The latest budget was, unsurprisingly, a lot more focussed on COVID19 than on the housing market. It is, however, also important for property professionals. Here’s a round-up of the key points.
An extension to the Stamp Duty holiday
Arguably it was almost inevitable that the chancellor would need to grant some sort of extension to the Stamp Duty holiday. After all, the logic behind this is, fundamentally, exactly the same as the logic behind the recent extension of the current Help to Buy scheme. The construction industry has been badly hit by COVID19 and now also has to deal with the full impact of Brexit.
This has resulted in delays both to the construction of new-build properties and to the legal completion process. Rather ironically, the Stamp Duty holiday may have exacerbated the latter problem by stimulating activity in the housing market.
With buyers facing the prospect of losing out on the Stamp Duty holiday through no fault of their own, arguably, the government had to act. If it hadn’t then, at best, it could have had a lot of upset buyers on its hands come election time. At worst, it could have led to buyers pulling out of sales due to being unable, or unwilling to pay the increased Stamp Duty.
What is interesting is that Rishi Sunak chose to extend the holiday until the end of June. Then there will be a further three months where the threshold is set at £250K. This means that even new entrants to the market could potentially benefit from it. It also means that there could be another “cliff-hanger” in three and then six months time.
Help for “Generation Buy”.
Back in October 2020, at the (virtual) Conservative party conference, Boris Johnson announced his intention to turn “generation rent” into “generation buy”. He indicated that the government would achieve this by introducing a scheme to guarantee mortgages of up to 95% of the property price.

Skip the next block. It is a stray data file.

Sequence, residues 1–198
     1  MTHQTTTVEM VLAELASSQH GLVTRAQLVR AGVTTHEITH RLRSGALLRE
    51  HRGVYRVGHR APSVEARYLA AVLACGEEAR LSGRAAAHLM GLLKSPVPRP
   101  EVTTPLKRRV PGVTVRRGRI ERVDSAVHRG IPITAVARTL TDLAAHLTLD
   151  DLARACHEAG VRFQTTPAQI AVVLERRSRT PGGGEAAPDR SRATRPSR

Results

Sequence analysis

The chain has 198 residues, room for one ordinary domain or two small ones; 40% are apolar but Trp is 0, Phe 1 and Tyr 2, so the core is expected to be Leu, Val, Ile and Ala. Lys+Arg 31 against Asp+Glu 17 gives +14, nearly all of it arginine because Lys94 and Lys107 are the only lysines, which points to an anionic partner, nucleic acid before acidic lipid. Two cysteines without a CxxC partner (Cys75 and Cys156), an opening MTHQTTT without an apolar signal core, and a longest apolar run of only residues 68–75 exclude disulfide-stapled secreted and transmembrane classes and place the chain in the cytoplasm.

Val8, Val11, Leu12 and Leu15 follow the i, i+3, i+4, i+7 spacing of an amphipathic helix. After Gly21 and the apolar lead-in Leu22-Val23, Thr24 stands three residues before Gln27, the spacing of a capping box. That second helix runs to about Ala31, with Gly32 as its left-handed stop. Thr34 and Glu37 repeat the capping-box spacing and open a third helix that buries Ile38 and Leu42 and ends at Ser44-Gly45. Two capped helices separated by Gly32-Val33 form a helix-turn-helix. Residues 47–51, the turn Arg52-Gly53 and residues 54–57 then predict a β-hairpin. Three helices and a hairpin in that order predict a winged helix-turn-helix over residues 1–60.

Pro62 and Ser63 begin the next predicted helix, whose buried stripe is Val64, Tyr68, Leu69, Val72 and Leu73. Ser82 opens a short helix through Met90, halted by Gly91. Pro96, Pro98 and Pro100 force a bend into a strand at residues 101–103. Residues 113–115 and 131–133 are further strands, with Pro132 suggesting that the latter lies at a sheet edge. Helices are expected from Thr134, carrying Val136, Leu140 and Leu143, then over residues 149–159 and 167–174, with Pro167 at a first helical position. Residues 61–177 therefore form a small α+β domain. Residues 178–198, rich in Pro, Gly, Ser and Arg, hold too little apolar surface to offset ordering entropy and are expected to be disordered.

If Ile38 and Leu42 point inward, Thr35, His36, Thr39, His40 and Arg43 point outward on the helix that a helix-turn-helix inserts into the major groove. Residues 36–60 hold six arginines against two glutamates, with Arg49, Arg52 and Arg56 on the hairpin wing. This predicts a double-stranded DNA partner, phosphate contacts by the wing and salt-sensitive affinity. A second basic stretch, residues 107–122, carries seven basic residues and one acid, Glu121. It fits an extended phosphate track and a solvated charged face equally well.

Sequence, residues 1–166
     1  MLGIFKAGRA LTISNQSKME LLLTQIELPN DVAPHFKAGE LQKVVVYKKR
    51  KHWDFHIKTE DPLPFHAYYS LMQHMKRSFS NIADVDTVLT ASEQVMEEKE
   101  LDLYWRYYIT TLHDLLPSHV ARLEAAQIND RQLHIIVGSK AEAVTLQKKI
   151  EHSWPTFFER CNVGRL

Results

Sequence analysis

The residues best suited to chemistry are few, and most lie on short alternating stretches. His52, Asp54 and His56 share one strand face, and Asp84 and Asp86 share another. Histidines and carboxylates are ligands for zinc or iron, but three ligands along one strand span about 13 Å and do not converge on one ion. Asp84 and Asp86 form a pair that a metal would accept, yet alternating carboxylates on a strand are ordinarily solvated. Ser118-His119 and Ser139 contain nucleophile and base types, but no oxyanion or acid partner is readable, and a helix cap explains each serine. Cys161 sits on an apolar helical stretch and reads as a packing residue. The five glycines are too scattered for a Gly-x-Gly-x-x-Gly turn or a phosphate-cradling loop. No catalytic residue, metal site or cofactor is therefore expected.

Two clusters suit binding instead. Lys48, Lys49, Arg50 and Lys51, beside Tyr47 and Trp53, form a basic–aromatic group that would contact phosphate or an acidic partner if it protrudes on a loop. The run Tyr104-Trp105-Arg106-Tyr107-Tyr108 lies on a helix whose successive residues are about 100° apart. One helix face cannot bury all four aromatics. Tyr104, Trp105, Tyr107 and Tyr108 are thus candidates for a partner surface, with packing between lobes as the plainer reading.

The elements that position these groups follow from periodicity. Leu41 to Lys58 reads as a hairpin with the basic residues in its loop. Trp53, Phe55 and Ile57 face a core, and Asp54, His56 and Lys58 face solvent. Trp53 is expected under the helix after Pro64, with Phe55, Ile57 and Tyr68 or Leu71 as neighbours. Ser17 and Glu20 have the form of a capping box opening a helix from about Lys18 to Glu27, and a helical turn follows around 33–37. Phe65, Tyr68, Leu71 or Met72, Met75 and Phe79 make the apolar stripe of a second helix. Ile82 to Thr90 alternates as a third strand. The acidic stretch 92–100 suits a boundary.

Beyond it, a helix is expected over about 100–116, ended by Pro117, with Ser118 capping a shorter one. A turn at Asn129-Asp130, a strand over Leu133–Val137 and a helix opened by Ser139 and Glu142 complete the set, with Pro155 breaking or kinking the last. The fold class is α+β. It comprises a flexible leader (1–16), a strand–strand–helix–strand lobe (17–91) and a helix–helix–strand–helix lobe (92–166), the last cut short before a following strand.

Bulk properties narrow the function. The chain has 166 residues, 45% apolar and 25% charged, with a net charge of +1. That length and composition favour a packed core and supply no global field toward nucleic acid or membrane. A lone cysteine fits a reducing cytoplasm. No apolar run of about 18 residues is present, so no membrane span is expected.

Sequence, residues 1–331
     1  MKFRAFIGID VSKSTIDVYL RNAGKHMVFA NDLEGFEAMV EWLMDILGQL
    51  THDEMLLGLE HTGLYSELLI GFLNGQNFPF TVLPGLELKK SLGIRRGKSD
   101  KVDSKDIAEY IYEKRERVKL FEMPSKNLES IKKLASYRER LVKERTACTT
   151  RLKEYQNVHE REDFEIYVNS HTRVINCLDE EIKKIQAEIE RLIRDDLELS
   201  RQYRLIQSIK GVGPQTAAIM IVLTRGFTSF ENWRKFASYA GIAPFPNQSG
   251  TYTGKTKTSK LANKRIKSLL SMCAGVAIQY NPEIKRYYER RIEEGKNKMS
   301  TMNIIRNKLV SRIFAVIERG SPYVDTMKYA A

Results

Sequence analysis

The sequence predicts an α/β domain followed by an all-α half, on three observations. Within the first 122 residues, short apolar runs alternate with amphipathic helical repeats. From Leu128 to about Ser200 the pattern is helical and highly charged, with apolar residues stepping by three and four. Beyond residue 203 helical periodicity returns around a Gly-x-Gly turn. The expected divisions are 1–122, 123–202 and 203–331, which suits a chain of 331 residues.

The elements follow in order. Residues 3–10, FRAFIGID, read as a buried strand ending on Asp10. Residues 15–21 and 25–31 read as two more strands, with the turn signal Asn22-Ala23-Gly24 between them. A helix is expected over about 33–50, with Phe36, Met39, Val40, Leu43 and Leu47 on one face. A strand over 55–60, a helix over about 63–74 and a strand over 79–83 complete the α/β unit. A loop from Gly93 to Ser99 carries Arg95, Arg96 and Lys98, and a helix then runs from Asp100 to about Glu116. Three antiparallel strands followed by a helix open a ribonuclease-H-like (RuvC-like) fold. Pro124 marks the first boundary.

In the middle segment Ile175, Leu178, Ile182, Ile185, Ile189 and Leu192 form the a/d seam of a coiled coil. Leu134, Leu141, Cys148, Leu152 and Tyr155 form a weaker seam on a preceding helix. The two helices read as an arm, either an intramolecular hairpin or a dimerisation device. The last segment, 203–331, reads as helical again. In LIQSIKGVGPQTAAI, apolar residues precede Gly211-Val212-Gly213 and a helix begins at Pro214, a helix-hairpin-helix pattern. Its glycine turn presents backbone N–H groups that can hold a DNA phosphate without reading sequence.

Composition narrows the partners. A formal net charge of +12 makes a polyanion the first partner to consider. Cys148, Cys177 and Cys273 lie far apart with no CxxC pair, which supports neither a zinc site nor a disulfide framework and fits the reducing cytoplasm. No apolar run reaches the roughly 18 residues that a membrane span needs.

Fast forward to March 2021 and the chancellor has now indicated what this means in practice. Essentially, the government is bringing back David Cameron’s Mortgage Guarantee scheme. Like the old scheme, it will be available to onward movers as well as first-time buyers. It will also be available on purchases of existing property. The current limit is set at £600K.
ISAs stay untouched
Given that the adult ISA limits have been the same since 2017, it was always highly unlikely that the chancellor was going to feel under any obligation to increase them. The one change was that the penalty for making irregular withdrawals from the Lifetime ISA will be going back up to 25% in April. It was temporarily reduced to 20% to help those affected by the pandemic.
The chancellor did announce the introduction of new NS&I “green bonds”. These are intended to help the UK meet its target of becoming carbon neutral by 2050. At present, it’s unclear whether or not these will have any direct impact on the housing market.
It is, however, worth noting that the government’s commitment to its “net-zero” target requires a switch to electric vehicles. This in turn requires the development of mass-scale charging infrastructure. Areas that get ahead of the curve here could see local house prices rise accordingly.
Widespread tax adjustments
The chancellor’s largesse on Stamp Duty has not extended to other personal taxes. Capital Gains Tax exemptions, Inheritance Tax and the Pensions Lifetime allowance all stay at 2020/2021 levels. The tax-free personal allowance and the higher-rate income tax threshold both stay at 2021/2022 levels.
At present, these freezes are scheduled to stay in place until 2025. This effectively means that people could find their take-home earnings eroded over time. In itself, this does not augur well for affordability. On the other hand, much will depend on how well the economy performs overall.